Georgia On The Market’s Mind

Equity markets don’t enjoy dealing with exogenous risks. They are extraordinarily good at pricing in risks that directly affect stock prices – things like sales, earnings, cash flow, and the like – but far less adept at a wide range of factors that could impact them indirectly. Political factors are among those more difficult risks for investors.

As we all know, there are two crucial Senate runoffs underway in the state of Georgia. A Democratic sweep would hand control of the Senate to that party, solidifying control of both the Executive and Legislative branches of the Federal government under that party’s control. This would upend one of the stated rationales behind the major indices’ stupendous performances since Election Day – that a divided Congress offers a more market-friendly outcome. A divided Congress would be less likely to approve legislation that results in onerous regulation or higher taxes – two things that investors rightly despise. Why then, with the races too close to call, were investors so seemingly sanguine ahead of an election that could disrupt such an ingrained narrative?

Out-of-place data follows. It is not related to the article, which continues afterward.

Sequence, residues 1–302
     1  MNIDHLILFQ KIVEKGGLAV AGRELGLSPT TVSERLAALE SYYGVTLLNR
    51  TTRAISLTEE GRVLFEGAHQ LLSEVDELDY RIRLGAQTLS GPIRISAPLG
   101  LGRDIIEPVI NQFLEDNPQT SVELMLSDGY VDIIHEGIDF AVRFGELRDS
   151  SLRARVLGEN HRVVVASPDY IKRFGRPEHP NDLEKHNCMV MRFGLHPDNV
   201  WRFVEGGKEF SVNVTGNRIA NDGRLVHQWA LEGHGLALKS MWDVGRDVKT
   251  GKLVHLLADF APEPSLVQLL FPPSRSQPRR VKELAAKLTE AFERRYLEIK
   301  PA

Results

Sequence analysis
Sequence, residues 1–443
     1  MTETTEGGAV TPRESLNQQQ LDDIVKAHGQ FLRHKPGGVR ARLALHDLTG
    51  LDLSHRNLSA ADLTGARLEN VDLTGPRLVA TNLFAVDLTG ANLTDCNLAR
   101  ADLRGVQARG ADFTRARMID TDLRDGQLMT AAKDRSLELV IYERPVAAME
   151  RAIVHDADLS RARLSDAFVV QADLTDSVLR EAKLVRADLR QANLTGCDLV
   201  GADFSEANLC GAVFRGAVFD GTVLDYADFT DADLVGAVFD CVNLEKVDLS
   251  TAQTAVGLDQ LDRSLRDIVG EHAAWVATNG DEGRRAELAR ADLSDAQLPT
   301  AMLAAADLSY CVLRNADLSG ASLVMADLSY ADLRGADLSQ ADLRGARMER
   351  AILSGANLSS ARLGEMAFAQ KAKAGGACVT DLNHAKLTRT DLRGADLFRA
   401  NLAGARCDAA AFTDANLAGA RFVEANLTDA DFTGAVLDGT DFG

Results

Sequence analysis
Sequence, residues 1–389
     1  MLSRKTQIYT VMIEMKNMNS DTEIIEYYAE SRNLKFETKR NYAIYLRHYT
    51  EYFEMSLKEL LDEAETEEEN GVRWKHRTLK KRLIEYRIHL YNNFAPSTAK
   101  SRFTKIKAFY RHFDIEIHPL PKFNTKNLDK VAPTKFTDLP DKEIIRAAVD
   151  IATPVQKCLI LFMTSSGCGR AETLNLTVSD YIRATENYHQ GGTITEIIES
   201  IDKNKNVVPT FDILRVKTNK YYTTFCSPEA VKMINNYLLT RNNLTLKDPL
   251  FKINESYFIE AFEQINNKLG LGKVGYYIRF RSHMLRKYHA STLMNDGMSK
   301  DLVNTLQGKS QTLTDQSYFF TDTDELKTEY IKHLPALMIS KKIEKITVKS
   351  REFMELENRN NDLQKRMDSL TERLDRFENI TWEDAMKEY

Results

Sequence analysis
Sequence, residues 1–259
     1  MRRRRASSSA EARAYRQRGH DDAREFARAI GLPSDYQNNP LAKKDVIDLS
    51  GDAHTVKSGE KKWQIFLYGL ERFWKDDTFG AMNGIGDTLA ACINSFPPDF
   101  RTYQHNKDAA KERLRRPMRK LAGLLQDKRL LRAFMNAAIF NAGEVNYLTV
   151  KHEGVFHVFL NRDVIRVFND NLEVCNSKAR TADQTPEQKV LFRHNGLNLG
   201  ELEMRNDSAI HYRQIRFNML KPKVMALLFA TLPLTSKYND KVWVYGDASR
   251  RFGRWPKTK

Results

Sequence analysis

As of yesterday morning, it was my belief that investors were underpricing the risks associated with that potential outcome. In fact, I stated it plainly on a network appearance yesterday that aired just as markets opened for the year. My rationale is quite obvious in the graph below. 

SPX Implied volatility curves for today (dark yellow) and 12/31 (green)

(Click on image to enlarge)

Source: Interactive Brokers

When we closed the year last Thursday, the implied volatility curve for the S&P 500 Index (SPX) options was significantly lower in the nearest term expirations than it was for their longer-term counterparts. After yesterday’s selloff, we see the whole curve priced at higher levels, but the curve had inverted. Short-term implied volatilities, those most sensitive to today’s Georgia runoff and any Electoral College challenges that may arise in Congress tomorrow, rose sharply above those of longer-term options. It was as though the markets had suddenly decided that the “Santa Claus” rally was over and that some risk aversion was indeed now appropriate.

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Disclosure: The analysis in this material is provided for information only and is not and should not be construed as an offer to sell or the solicitation of an offer to buy any security. To the ...

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